+<% @products.each do |product| %>
+ <%= render :partial => "product", :locals => { :product => product } %>
+<% end %>
+
+<%= render "shared/footer" %>
+</erb>
+
+Here, the +_ad_banner.html.erb+ and +_footer.html.erb+ partials could contain content that is shared among many pages in your application. You don't need to see the details of these sections when you're concentrating on a particular page.
+
+h5. The :as and :object options
+
+By default <tt>ActionView::Partials::PartialRenderer</tt> has its object in a local variable with the same name as the template. So, given
+
+<erb>
+<%= render :partial => "product" %>
+</erb>
+
+within product we'll get <tt>@product</tt> in the local variable +product+, as if we had written:
+
+<erb>
+<%= render :partial => "product", :locals => { :product => @product } %>
+</erb>
+
+With the <tt>:as</tt> option we can specify a different name for said local variable. For example, if we wanted it to be +item+ instead of product+ we'd do:
+
+<erb>
+<%= render :partial => "product", :as => 'item' %>
+</erb>
+
+The <tt>:object</tt> option can be used to directly specify which object is rendered into the partial; useful when the template's object is elsewhere, in a different ivar or in a local variable for instance.
+
+For example, instead of:
+
+<erb>
+<%= render :partial => "product", :locals => { :product => @item } %>
+</erb>
+
+you'd do:
+
+<erb>
+<%= render :partial => "product", :object => @item %>
+</erb>
+
+The <tt>:object</tt> and <tt>:as</tt> options can be used together.
+
+h5. Rendering Collections
+
+The example of partial use describes a familiar pattern where a template needs to iterate over an array and render a sub template for each of the elements. This pattern has been implemented as a single method that accepts an array and renders a partial by the same name as the elements contained within.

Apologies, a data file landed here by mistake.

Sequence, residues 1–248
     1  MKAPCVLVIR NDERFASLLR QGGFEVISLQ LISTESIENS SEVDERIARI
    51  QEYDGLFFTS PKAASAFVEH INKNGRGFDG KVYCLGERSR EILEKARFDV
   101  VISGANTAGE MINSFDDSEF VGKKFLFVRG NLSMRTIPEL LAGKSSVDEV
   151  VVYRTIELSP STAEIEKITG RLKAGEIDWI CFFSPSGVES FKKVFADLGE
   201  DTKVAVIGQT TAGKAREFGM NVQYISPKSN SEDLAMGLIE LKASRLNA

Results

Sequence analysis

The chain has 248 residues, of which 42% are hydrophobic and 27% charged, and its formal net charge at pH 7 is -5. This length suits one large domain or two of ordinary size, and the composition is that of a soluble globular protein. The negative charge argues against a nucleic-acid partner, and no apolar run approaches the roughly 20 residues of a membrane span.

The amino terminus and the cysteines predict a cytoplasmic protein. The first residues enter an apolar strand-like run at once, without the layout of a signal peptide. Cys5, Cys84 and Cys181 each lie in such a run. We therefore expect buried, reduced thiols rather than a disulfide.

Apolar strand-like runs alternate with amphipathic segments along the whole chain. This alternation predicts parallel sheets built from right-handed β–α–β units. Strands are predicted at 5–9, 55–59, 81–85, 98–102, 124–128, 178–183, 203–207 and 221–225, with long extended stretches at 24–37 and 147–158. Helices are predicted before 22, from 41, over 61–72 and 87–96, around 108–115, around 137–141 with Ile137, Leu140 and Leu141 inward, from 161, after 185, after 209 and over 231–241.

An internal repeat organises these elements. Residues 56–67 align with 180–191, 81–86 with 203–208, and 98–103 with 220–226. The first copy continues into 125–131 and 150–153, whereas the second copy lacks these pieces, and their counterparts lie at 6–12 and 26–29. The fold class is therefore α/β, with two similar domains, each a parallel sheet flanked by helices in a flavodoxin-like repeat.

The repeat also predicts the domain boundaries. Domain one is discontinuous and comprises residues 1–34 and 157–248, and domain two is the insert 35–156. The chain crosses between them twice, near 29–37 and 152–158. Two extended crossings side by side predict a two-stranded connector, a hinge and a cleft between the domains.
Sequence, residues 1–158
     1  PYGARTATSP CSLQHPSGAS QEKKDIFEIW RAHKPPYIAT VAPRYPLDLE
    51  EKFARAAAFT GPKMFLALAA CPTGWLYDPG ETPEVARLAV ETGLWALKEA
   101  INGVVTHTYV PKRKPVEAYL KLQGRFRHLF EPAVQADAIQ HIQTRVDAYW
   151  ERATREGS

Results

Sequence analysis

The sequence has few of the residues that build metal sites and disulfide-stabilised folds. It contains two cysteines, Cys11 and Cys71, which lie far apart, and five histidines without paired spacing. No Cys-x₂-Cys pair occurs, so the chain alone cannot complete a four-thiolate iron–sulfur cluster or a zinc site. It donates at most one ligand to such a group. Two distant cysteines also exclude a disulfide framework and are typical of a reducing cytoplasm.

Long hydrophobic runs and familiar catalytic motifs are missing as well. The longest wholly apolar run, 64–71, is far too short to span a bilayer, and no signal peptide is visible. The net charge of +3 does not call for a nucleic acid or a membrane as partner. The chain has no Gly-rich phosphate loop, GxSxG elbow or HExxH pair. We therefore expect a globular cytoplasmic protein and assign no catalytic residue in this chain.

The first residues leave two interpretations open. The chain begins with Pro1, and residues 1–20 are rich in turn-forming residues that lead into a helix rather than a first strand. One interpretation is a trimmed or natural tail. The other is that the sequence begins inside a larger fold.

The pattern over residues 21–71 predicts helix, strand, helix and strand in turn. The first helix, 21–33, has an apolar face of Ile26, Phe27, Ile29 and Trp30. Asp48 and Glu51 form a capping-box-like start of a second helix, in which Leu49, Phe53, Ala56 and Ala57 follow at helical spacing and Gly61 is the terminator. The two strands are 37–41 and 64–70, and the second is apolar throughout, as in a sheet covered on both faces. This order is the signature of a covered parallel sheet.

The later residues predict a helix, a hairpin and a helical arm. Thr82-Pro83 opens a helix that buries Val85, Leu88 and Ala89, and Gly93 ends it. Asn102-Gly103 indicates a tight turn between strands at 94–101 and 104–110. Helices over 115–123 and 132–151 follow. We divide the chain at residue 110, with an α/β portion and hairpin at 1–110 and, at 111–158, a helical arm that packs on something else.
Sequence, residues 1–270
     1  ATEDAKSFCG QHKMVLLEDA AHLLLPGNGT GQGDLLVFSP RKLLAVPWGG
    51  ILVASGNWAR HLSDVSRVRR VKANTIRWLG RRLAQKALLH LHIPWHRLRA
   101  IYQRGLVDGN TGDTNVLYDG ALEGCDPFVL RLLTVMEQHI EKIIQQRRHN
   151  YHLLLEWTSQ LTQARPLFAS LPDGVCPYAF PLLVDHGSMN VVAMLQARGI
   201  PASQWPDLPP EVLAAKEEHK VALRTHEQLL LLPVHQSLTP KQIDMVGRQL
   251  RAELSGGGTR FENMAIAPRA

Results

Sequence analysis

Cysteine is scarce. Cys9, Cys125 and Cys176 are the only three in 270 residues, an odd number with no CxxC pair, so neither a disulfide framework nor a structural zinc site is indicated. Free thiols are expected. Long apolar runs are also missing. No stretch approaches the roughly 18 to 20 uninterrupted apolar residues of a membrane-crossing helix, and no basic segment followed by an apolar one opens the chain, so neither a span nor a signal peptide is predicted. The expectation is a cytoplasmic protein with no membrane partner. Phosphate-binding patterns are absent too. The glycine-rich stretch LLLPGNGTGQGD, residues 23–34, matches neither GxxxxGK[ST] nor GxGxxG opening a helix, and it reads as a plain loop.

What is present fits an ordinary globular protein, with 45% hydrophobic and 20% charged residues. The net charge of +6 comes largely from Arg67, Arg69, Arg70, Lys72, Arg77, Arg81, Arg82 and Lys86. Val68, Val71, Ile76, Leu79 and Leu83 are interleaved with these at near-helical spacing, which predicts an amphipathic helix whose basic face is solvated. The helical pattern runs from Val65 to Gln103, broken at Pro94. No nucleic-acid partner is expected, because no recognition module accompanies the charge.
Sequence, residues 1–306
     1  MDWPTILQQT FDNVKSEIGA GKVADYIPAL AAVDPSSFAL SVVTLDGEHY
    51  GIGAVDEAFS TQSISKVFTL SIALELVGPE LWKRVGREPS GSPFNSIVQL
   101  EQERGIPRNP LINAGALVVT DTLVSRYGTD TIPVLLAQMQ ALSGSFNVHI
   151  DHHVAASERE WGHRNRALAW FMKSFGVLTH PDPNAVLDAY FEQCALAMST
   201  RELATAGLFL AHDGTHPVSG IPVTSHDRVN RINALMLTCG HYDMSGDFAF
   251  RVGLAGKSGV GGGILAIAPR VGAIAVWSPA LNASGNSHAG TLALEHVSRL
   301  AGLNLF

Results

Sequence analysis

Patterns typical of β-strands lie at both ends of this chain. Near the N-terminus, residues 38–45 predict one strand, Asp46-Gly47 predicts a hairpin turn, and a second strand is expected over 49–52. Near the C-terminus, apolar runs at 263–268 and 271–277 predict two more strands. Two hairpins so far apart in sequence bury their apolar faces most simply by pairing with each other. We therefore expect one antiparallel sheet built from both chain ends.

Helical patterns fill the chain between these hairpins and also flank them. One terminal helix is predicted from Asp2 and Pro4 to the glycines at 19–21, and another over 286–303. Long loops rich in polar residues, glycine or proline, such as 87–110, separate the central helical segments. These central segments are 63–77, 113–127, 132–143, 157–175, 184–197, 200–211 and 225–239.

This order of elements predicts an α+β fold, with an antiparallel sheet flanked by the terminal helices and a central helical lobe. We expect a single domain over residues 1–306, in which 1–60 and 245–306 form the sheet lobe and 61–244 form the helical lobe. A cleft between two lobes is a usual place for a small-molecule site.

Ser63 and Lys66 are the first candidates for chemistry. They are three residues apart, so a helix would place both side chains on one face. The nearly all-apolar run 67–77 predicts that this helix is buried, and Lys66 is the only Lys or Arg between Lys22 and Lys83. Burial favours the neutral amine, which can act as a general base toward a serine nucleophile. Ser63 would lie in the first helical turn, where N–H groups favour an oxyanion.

+So the three-lined example for rendering all the products can be rewritten with a single line:
+
+<erb>
+<%= render :partial => "product", :collection => @products %>
+</erb>
+
+When a partial is called with a pluralized collection, then the individual instances of the partial have access to the member of the collection being rendered via a variable named after the partial. In this case, the partial is +_product+ , and within the +_product+ partial, you can refer to +product+ to get the instance that is being rendered.
+
+You can use a shorthand syntax for rendering collections. Assuming @products is a collection of +Product+ instances, you can simply write the following to produce the same result:
+
+<erb>
+<%= render @products %>
+</erb>
+
+Rails determines the name of the partial to use by looking at the model name in the collection. In fact, you can even create a heterogeneous collection and render it this way, and Rails will choose the proper partial for each member of the collection.
+
+h5. Spacer Templates
+
+You can also specify a second partial to be rendered between instances of the main partial by using the +:spacer_template+ option:
+
+<erb>
+<%= render @products, :spacer_template => "product_ruler" %>
+</erb>
-TODO see http://guides.rubyonrails.org/layouts_and_rendering.html
+Rails will render the +_product_ruler+ partial (with no data passed in to it) between each pair of +_product+ partials.
h3. Using Templates, Partials and Layouts in "The Rails Way"

0 comments on commit 29caa46

Please sign in to comment.
Something went wrong with that request. Please try again.